The Dutch violinist Liza Ferschtman is in terrific form on her new Super Audio CD of works by Erich Wolfgang Korngold and Leonard Bernstein (Challenge Classics CC72755 challengerecords.com). The Prague Symphony Orchestra under Jiří Malát features in Korngold’s Violin Concerto Op.35, while Het Gelders Orkest under Christian Vásquez accompanies Bernstein’s Serenade after Plato’s “Symposium.”
Korngold’s cinematic concerto quotes liberally from his Hollywood movie scores, and despite its 1945 date is a late Romantic work redolent of the composer’s early years in pre-war Vienna. Ferschtman’s strong, rich tone is perfect for this lush work, and is particularly effective in the gorgeous slow movement.
Bernstein’s Serenade, written for Isaac Stern in 1954, is a five-movement work very much with a concerto feel – Bernstein apparently referred to it as such – and also contains quotes from the composer’s earlier works, this time five short pieces written as birthday presents for his friends. It’s a really lovely work that really should be heard more often.
Both were recorded live, the Korngold in Ludwigshafen, Germany and the Bernstein in Arnhem in the Netherlands. The orchestral contribution is excellent throughout, as is the recording quality.
Journey to Mozart is an exploration of the musical world of Mozart and his contemporaries by the English violinist Daniel Hope (danielhope.com) with the Zurich Chamber Orchestra (Deutsche Grammophon 4798376).
Two pieces from Gluck’s Orfeo ed Euridice – an orchestral Dance of the Furies and a violin adaptation of Dance of the Blessed Spirits – open the disc. Haydn’s Violin Concerto in G Major has a lovely feel to it, as does the Larghetto second movement from Mysliveček’s D Major Violin Concerto.
The central Mozart works are the Violin Concerto No.3 in G Major K216 and the E Major Adagio K261, the latter in a particularly lovely performance.
Johann Peter Salomon, the concert impresario who brought Haydn to London, was also a violinist and composer, and his brief Romance for violin and strings in D Major is a real delight. An arrangement of Mozart’s Rondo alla turca from the A Major Piano Sonata K331 completes a terrific CD.
After numerous appearances as a guest soloist Hope became the musical director of the Zurich ensemble in 2016. Their mutual understanding is evident in performances notable for their sensitivity, clarity, energy and dynamic contrasts.
The young Canadian violinist Blake Pouliot makes an outstanding recording debut with Ravel-Debussy Sonates with pianist Hsin-I Huang (Analekta AN 2 8798 analekta.com). The Ravel works are the Tzigane and the Violin Sonata No.2 in G Major, while Debussy is represented by the Sonata for Violin and Piano and a transcription of the song Beau Soir, the latter providing a truly beautiful ending to a first-class CD.
Pouliot plays with strength, clarity, warmth, faultless intonation and a fine sense of phrase, and draws a gorgeous tone from the 1729 Guarneri del Gesù violin on loan from the Canada Council for the Arts. Huang provides splendid support for a player who is clearly going to be a major force in the violin world.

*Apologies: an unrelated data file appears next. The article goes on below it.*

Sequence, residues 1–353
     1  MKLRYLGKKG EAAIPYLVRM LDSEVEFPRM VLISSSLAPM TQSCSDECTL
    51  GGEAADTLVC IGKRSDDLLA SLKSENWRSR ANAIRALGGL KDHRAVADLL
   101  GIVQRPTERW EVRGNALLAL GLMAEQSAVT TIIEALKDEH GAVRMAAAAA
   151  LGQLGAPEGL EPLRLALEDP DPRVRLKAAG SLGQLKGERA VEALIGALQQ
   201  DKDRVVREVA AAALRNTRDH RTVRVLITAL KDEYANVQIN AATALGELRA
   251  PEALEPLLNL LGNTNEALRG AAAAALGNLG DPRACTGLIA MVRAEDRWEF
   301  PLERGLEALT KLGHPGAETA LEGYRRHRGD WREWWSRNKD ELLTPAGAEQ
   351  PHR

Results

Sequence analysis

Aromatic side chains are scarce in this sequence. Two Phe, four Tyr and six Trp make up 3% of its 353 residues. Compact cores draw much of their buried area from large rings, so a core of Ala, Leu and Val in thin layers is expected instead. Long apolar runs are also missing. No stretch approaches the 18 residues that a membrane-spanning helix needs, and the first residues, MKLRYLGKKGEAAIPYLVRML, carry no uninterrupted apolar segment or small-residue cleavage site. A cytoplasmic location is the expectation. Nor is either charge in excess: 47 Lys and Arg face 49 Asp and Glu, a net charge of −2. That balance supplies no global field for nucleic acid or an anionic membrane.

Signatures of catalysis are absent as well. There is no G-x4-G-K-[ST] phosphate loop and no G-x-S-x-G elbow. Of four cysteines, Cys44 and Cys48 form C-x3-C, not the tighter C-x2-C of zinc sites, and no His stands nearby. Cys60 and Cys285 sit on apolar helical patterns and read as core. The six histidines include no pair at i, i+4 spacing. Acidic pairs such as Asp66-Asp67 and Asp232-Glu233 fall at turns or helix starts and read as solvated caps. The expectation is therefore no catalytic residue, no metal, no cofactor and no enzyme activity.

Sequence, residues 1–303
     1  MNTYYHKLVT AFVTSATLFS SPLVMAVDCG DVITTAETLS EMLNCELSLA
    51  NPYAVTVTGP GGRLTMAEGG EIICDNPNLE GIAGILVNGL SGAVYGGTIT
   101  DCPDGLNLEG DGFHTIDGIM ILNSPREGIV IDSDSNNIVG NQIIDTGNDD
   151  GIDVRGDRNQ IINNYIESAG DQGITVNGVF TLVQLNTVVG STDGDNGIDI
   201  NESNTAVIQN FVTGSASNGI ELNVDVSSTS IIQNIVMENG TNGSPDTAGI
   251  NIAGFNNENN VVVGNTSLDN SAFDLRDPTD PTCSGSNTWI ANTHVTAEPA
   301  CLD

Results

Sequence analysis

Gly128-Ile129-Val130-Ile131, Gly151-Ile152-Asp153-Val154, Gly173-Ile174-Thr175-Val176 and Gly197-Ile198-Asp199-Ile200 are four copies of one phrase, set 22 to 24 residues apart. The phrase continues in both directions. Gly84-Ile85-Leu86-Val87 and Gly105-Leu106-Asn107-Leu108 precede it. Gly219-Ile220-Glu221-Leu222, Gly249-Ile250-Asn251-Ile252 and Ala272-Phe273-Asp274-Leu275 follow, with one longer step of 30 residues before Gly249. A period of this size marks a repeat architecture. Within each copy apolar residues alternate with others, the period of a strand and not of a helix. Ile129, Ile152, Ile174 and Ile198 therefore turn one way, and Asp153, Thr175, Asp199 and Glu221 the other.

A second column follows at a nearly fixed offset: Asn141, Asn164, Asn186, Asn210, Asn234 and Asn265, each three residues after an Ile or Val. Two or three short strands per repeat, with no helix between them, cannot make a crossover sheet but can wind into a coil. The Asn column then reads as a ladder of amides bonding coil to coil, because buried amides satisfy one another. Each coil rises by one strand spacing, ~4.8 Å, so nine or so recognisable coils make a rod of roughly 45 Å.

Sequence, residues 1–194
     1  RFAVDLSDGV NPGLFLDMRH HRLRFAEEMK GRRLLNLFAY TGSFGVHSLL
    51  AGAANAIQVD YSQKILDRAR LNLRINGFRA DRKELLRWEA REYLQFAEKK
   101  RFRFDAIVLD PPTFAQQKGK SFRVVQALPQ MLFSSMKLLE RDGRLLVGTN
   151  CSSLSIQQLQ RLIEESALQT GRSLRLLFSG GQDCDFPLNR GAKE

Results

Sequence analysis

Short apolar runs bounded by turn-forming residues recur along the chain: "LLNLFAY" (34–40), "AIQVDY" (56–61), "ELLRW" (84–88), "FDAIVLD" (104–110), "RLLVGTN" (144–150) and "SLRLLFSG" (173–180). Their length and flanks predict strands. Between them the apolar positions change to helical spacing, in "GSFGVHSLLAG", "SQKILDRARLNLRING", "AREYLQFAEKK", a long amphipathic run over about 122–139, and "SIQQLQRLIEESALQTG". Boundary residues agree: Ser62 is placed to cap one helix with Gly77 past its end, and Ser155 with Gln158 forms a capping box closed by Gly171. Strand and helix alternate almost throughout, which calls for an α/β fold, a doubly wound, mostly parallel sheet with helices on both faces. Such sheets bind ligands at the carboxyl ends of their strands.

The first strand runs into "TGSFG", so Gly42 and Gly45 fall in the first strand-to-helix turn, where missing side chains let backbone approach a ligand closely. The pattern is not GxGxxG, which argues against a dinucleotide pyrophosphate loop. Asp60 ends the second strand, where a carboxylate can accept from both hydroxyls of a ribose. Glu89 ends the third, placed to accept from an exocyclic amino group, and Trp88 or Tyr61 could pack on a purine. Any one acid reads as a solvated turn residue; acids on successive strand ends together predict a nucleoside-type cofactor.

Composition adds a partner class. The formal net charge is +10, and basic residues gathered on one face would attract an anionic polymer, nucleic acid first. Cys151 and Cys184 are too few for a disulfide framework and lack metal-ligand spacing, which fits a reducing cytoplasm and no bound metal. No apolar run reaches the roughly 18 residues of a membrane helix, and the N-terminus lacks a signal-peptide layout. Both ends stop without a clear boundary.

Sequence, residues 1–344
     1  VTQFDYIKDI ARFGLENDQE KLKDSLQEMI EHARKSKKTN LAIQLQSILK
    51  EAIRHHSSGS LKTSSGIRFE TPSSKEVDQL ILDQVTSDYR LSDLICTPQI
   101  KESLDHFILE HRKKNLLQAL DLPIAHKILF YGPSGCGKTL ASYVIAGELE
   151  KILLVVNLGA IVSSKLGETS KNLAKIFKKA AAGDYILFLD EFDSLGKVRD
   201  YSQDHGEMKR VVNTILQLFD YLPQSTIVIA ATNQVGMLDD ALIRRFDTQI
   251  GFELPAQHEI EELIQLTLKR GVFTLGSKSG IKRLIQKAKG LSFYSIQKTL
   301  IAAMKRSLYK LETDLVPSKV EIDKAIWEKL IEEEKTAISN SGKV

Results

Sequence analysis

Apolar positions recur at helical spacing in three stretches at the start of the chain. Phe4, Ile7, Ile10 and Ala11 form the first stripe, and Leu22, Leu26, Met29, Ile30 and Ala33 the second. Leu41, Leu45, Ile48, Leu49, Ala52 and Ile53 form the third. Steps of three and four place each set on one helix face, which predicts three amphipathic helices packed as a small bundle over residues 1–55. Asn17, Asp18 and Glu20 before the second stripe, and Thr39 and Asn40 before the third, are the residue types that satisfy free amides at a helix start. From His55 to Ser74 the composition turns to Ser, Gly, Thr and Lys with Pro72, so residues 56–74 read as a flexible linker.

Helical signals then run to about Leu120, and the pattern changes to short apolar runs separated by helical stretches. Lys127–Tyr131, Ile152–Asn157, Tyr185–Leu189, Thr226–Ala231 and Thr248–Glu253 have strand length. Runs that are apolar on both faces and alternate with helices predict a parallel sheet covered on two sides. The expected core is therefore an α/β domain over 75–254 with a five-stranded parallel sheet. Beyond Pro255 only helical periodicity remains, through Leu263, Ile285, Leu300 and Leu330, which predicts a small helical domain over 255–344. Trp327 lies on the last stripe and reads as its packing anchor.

There is an interesting story behind the recent release of Ernest Bloch Music for Viola and Piano (Delos DE 3498 delosmusic.com). Violist Paul Neubauer and pianist Margo Garrett spent three days in 2001 recording all of Bloch’s music for viola and piano, only for the digital audio tapes to go missing. When they resurfaced a while ago the performers were thrilled to find them not only salvageable but also featuring playing that represents their best efforts to bring these works to life.
And what playing it is! Both performers are superb in the major work on the CD, the four-movement Suite for Viola and Piano from 1919, described in The Musical Quarterly as “…one of the most significant and powerful works of our time.”
The other works on the disc are the short, unfinished Sonata for Viola Solo from 1958, the year of Bloch’s death, and the Suite hébraïque and the Meditation and Processional, originally written as Five Jewish Pieces in 1951 but reconfigured into two independent works and published separately.
Neubauer has a wonderful fullness to his playing, with Garrett’s accompaniment of an equally high standard. There is no hint of any problem with the source tapes.
There’s more lovely viola playing on Viola Galante with violist Pauline Sachse and harpsichordist Andreas Hecker playing 18th-century sonatas by C.P.E. Bach, William Flackton, Giorgio Antoniotto, Franz Benda and Christlieb Siegmund Binder (Avi-music 8553312 avi-music.de). Except for the Bach and Flackton, all are world premiere recordings of mostly forgotten repertoire.
The works are from an era when the viola was first being considered as a solo instrument, and when, in reaction to the ornamental Baroque style, a desire for delicacy and sensitivity sparked the emergence of the galant style. Both players exhibit an appropriate lightness and agility with an excellent balance, the harpsichord never too close or heavy. The opening movement of the Binder work in particular features outstanding playing by Hecker.
Sachse’s 1610 Paolo Maggini Madame Butterfly viola is strung with gut strings, and produces an appropriately beautiful sound. Hecker plays a 2000 Bruce Kennedy replica of a Berlin harpsichord by Michael Mietke, ca.1700.
Excellent and informative booklet notes regarding style and technical issues, especially contemporary pitch and temperament, add to a fascinating release.
There are more world premiere recordings on Finnish Violin Music, with violinist Annemarie Åström leading performances of virtually unknown works written in the 1920s in the shadow of Sibelius (Alba Records ABCD 410 alba.fi). The three composers here share a connection, Helvi Leiviskä and Väinö Raitio having studied with Erkki Melartin at the Sibelius Academy in Helsinki.